Investing 101: Which Method Will You Use to Invest?

Do you go it alone or use a financial adviser? Your answer will determine your investing plan

So, you're ready to start growing your nest egg. Do you do it yourself or hire a financial advisor?

Before you get too far along in creating your investment plan, stop and take a moment to decide how you want to invest. Your answer will determine how you complete the next steps in your plan. The three basic methods people use to invest include: going it alone or DIY; working with a financial adviser or consultant; or a combination of these.

Let’s begin by exploring the options available to you as a “do-it-yourselfer.” Being a do-it-yourselfer does not necessarily mean that you will truly be alone. One of the first things you need to do to get started is to open a brokerage account. You can choose to open an account with a traditional (also known as “full service“) or discount brokerage. In each case, you authorize a broker to buy and sell stocks, bonds, mutual funds*, and other investments for you, and in turn you pay them a commission for this service. Commissions can range from as low as $4 to several thousand dollars based on your purchases and the type of broker you choose – discount or traditional.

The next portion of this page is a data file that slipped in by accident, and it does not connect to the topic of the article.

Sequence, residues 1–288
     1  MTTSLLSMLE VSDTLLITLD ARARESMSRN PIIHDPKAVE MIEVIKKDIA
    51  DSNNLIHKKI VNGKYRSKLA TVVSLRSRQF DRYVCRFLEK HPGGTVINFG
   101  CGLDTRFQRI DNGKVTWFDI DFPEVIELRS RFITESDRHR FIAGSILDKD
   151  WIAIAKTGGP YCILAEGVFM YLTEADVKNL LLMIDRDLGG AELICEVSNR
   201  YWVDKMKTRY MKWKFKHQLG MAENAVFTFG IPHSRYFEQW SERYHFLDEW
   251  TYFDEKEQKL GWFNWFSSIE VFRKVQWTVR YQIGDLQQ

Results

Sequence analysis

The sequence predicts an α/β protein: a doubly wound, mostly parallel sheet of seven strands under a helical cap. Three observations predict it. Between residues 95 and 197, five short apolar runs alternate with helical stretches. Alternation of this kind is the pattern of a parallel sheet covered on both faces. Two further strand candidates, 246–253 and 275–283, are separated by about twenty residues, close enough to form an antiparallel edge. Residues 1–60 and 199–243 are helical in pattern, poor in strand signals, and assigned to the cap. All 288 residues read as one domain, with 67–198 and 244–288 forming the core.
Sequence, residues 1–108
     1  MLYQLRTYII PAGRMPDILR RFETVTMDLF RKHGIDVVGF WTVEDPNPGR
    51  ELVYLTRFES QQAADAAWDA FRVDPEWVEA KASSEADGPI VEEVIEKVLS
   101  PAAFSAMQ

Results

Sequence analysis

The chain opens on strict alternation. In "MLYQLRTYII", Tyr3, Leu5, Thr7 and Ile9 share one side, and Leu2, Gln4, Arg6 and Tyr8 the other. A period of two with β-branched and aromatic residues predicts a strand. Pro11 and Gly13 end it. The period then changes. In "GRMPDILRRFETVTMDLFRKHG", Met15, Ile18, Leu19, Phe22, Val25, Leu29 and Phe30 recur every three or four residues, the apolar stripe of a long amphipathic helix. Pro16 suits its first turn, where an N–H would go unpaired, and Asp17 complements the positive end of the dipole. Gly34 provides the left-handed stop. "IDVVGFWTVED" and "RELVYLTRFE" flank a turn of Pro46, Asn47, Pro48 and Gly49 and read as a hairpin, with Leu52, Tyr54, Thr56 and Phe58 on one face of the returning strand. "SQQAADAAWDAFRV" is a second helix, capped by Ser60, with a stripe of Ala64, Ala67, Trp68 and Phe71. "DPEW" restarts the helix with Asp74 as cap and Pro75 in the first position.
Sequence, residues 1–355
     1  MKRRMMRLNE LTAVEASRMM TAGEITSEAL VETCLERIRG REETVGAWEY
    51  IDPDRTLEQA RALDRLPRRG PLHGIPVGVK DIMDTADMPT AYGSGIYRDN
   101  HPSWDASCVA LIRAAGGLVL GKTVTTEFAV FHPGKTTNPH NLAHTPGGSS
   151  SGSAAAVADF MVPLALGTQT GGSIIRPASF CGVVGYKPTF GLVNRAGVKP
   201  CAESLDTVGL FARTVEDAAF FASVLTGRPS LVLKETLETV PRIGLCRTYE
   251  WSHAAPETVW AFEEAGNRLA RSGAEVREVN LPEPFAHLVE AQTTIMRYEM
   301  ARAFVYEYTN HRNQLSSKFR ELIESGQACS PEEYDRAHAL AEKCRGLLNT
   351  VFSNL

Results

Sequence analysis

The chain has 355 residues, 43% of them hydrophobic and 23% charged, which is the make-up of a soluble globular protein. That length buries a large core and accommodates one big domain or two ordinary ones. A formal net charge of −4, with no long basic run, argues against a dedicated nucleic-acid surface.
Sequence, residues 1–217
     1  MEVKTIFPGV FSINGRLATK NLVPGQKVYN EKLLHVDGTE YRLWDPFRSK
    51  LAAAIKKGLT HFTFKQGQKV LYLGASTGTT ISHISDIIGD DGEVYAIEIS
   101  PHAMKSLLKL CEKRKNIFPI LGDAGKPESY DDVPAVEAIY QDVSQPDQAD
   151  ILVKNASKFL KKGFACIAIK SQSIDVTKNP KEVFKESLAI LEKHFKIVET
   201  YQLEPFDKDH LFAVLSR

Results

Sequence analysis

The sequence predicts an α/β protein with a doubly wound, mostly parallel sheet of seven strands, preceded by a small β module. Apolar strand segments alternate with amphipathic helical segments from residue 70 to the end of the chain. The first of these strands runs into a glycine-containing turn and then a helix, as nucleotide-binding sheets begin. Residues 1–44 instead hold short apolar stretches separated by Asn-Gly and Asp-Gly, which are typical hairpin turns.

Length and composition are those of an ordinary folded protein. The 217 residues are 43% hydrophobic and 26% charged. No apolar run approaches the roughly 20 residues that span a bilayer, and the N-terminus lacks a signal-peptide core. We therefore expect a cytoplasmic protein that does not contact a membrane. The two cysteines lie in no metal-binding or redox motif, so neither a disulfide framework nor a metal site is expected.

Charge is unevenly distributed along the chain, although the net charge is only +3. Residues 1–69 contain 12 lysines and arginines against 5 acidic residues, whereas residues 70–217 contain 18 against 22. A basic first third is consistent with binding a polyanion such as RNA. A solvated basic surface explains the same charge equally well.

If you decide to open an account with a traditional brokerage firm, you will work one-on-one with a personal stock broker. He or she will offer investment ideas and research, prepare reports about your portfolio, give you a run-down of how well your investments are doing, and generally be available with a single phone call or email. Discount brokers, on the other hand, don’t usually offer investment advice although some are now making research available. In general, they simply execute orders once you’ve decided to buy or sell an investment. And instead of personalized service, you will most likely make your trades online or with the first available broker. Some firms, such as Charles Schwab and Merrill Lynch, offer both services, allowing you to choose between traditional and discount formats. Some top discount brokers include E-Trade Financial, Ameritrade, TD Waterhouse, and Scottrade.

* In some cases you can purchase mutual funds directly from the mutual fund company without the aid of a broker such as Vanguard Funds. However, in other cases, you can only purchase them with the aid of a broker. If you are considering a specific mutual fund, it is a good idea to check with the company to see if you can purchase shares directly through them and possibly save on purchasing fees.

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